Co-Founder Characteristics in a Startup

Finding the right co-founder for a startup is one of the more difficult tasks. It isn’t that there aren’t great people that want to go to war with you, rather, getting your co-founder right is one of the most important things you’ll ever do in a startup, right up there with choosing an awesome market, and timing things well. I’m a fan of two total co-founders, sometimes three, but only if everyone really adds significant value.

Here are some characteristics to look for in a co-founder:

  • An owner mentality (e.g. ask how comfortable they are to go without pay or sign a personal guarantee on a line of credit)
  • A skill set that complements the other co-founder (e.g. technical, business acumen, marketing, etc)
  • Aligned personal, professional, and family values — this can be tough, but values hold a team together during the toughest of times
  • Personality fit whereby it’s someone that you’ll look forward to spending a significant amount of time together

A co-founder is one of the most important decisions of a startup and should not be taken lightly. Spend as much time with the person, even working on projects, before jumping in. With the right co-founder, the startup experience will be that much better.

What else? What are some other co-founder characteristics to look for in a startup?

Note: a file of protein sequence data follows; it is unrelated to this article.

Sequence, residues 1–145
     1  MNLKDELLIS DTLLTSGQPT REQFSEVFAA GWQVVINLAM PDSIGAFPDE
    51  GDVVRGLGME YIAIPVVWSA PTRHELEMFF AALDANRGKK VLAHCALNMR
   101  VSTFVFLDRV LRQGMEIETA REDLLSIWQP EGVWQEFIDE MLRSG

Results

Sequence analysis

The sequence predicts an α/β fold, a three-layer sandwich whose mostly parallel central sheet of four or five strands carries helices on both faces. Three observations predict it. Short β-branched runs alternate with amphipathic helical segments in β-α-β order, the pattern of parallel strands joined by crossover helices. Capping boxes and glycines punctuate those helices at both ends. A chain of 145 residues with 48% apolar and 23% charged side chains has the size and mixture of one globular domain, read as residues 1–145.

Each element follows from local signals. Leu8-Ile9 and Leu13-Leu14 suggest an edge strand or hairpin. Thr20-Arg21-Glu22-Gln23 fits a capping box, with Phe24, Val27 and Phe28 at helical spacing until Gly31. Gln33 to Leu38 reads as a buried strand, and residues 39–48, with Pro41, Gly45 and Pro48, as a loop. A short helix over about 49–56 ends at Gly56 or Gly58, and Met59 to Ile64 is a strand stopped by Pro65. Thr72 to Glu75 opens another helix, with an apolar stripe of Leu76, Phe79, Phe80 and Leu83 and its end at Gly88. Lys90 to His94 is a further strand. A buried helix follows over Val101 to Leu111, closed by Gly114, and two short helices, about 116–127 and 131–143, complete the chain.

3 thoughts on “Co-Founder Characteristics in a Startup

  1. I think that the characteristics you listed are important for any collaboration in business – thanks, for sharing! As at Coretium we work closely with start up businesses, I will be happy to share this with them.

  2. I totally agree that your to-be co-owner’s skill sets have to be adequately matched with those of yourself and if they aren’t, the results can be catastrophic. Not to mention the personalities have to be in-sync. These are great points when starting up a business, but also make sure you 100% know your ideal target market!

  3. Owner mentality. If all founders aren’t putting in the same effort and risk – a sense of “we’re not in it together” may grow. Generating success and traction will tend to outweigh other areas such as personality fit.

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